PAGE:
Now it’s my understanding that the latest drives automagically remap questionable or bad sectors on their own. So once they start showing up, yeah, you’re in trouble.

    I’ve been using a utility from Pantera Soft ( called HDD Health to see what is going on with my drives now.

    Personally, I’d replace the drive. ASAP, which is pretty much what I did with the 80 gig drive. Had I known about the 160 gig drive (via HDD Health or similar), I probably would have managed to at least get some essential data backed up out of that.

    And I know have a DVD burner for backups, not just my CD burner.

  5. Kieran says:

    Well basically i have now lost 5 drives from the same system, ranging from Western Digital Raptors down to plain old Western digital 200gb drives. In total i have lost around 400GB of data. During my long hours of trying to save my data a product called PTDD from seems to be the best for recovery.

    The new drives are designed to die, plain and simple. My drivers where helped by a faulty powersuply, which you dont expect from a $600 Intel case.

    I think you need to replace the drive, probably try a Hitachi as they are really great. Samsung and Hitachi are the only drives that have not died.

  6. Jeff Boone says:

    Hi John,

    that drive is on its way out. A great utility to help keep your data is Spinrite from This tool will do a thourough examination of your disk and remap out the bad sectors whilst moving data to reliable areas.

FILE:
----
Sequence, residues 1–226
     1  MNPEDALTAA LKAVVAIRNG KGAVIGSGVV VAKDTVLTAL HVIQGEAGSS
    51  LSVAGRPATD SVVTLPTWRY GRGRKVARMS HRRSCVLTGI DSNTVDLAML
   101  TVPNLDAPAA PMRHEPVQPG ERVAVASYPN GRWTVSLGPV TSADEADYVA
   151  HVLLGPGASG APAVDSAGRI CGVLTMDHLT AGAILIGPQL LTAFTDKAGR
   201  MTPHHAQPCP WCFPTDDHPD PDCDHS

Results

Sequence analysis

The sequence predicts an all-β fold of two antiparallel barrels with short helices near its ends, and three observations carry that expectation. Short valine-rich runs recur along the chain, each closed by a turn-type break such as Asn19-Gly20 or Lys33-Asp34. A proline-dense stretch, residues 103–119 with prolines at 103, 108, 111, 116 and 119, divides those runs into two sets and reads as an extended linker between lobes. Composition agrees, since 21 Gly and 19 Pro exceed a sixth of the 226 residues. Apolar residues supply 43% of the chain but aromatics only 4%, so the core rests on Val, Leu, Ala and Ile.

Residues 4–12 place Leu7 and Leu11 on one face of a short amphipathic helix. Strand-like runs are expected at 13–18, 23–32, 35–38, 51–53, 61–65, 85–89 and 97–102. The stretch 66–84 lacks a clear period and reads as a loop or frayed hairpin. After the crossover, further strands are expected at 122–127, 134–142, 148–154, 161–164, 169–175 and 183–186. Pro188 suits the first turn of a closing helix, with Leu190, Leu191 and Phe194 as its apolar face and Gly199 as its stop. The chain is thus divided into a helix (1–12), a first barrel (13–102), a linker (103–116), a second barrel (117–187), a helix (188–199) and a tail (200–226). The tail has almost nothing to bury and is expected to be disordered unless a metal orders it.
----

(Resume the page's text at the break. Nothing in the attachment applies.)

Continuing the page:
7. Marijn [hofstra dot m at planet dot nl] says:

    As far as I know about how drives handle bad sectors: Each disk has a certain amount of "spare" sectors, probably spread out over the entire drive. These sectors are not included in the count for the total amount of available bytes on the drive, but they are used only in case a sector goed "bad". Even on a disk with no apparent bad sectors, "bad" sectors are usually present. They do not show up though, because those sectors are automatically remapped to nearby "spare" sectors.

    Only when a hard disk runs out of "spare" sectors (I suppose a bad sector can only be remapped to a spare sector that is physically not too far away from the bad sector) it will show up to the OS as a bad sector; since the firmware on the drive can’t fix it, the OS has to know.

    Haven’t done a search on this on the web, so I can’t be certain that it actually works this way (or perhaps has once worked this way in older drives). I think it COULD work though; the overall picture looks OK to me.



    p.s.: would it be possible to partition a drive in a way that all bad sector regions are located into tiny unused partitions (minimum partition size is 8mb or so I believe), and then you would merge the partitions into one big drive again by using some kind of raid scheme? Not sure if it’s possible in windows, linux might be more flexible…

Skip to main content